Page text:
ANDREAS BAADEN: Home (2020)
“My little crush and a pleasant surprise that takes us on many styles over many years”
1 Home 9:51
2 How Life Will Be In 3723 8:15
3 Meer Des Regens 10:02
4 Water And Air 7:31
5 The Last Orbit 7:39
6 Nebular Distortions 3:17
7 Omega 3:46
8 Lorcana 7:03
9 Lonely Day 5:04
(CD-r/DDL 62:27) (V.F.)
(E-Rock, New Berlin School, EM)
You shouldn't put this HOME by Andreas Baaden in your trash bin after hearing the first 2 titles! Even less in the middle of this charming and confusing album produced by MellowJet Records and masterfully mastered, since the musical structures here are rich in multilayers of instrumentations, by Bernd Scholl. This is already an 8th album for the musician native of Bad Honnef, Germany, that I discovered with the attractive and a bit complex Aufbruch last year. Without being a carbon copy of this album, HOME offers 9 changing structures where each is playing between its moods and its rhythm phases in textures that require a lot of creativity from the synths. And the response from them is simply great. Between Mike Oldfield and Vangelis, without forgetting Tangerine Dream and Johannes Schmoelling, this latest album by Andreas Baaden gets discovered with these multiple tracks of instruments which, here at least, gives an essential essence to this album which surprised at the first listen, and that I devoured in subsequent listenings. We find here a brilliant composer, hence the link with Schmoelling, and a superb instrumentalist who has a huge potential for creativity. And this is what we discover with his latest album which is definitely a gem of creativity!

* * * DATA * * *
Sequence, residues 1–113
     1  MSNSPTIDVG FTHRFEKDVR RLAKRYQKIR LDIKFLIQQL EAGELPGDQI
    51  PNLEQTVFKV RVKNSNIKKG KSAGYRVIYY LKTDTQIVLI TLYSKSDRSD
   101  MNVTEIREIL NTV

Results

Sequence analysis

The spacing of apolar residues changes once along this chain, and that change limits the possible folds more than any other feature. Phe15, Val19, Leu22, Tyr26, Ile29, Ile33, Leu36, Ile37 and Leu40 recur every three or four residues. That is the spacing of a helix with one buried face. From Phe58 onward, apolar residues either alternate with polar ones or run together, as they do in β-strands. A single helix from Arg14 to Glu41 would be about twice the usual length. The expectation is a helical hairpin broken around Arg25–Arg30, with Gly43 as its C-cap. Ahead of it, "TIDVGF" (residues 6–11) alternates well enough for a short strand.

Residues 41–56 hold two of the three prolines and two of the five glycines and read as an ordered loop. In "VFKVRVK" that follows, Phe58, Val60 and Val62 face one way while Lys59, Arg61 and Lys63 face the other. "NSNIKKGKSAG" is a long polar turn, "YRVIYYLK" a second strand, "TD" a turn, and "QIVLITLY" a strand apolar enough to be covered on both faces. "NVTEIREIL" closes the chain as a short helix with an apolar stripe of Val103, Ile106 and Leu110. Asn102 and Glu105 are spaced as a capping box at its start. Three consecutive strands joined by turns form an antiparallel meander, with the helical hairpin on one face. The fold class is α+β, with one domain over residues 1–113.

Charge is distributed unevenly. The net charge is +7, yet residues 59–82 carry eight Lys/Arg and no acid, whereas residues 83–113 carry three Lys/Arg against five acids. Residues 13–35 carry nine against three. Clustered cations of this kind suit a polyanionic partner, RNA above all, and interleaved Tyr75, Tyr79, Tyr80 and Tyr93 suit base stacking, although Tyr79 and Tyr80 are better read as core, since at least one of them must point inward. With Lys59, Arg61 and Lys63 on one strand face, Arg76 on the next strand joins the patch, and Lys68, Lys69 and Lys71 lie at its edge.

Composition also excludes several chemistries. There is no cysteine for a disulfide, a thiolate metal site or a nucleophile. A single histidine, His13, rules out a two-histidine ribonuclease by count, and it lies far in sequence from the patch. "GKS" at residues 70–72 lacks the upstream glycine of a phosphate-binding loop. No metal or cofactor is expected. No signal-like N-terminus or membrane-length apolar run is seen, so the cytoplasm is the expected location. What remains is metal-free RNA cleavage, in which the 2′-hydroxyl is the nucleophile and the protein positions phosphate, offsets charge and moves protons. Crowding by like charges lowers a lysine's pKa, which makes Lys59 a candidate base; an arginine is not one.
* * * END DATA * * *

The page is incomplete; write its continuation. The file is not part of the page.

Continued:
First of all, the title-track lets hear a good electronic ballad with a piano as the main attraction. A solitary e-piano weaving its melody which is embedded in a fog where we perceive its double interpreted in another way. Like Mike Oldfield, Andreas Baaden weaves his musical canvas by adding a synth and more keyboard tone as well as an acoustic guitar, while a second melody is grafted with a more animated vision. It's very beautiful in a huge scent of New Age! How Life Will Be In 3723 is a good slow-tempo with a futuristic touch which travels in a musical envelope soaked in this visual poetry of French films. This languid rhythm visits disused areas where clouds of sound effects and percussive effects languish which give it back the energy necessary to move it forward. The structure goes through more or less futuristic atmospheric phases which are filled with rattling, elastic wooshh and sound effects from a parallel universe. The orchestrations give a lyrical slowness to this structure which advances painfully in this universe of blobs and of other effects before returning to a more heavy rhythmic form. It's very rich in sound and very well structured in terms of its morphic rhythm. Meer Des Regens makes things much more interesting with a heavy and slow rhythm well in the saddle on solid percussions which bludgeon its rhythm. Thin lines of philharmonic Vangelis-style's synth are travelling between huge and dense synth layers which also make breathe its swarms of sound effects. A Tangerine Dream fragrance imposes its influences during the incubation phases of sounds and effects that are never far from disparate elements. It sounds like an EM from the future as its growth breathes through different stages. But in the end, it's synth-pop in Krautrock and in EM! The tremolo of the layers floating over a water leak in a cave becomes a nice illusion when a strong storm of whistling breezes pushes the ambient opening of Water And Air towards a spasmodic electronic rhythm. Jiggling like a zombie with a shorter leg, the rhythm is invaded by a Krautrock vision before going in a more electronic zone fills by less stormy winds which propel its troop of electronic effects as well as effects of iconoclastic voices.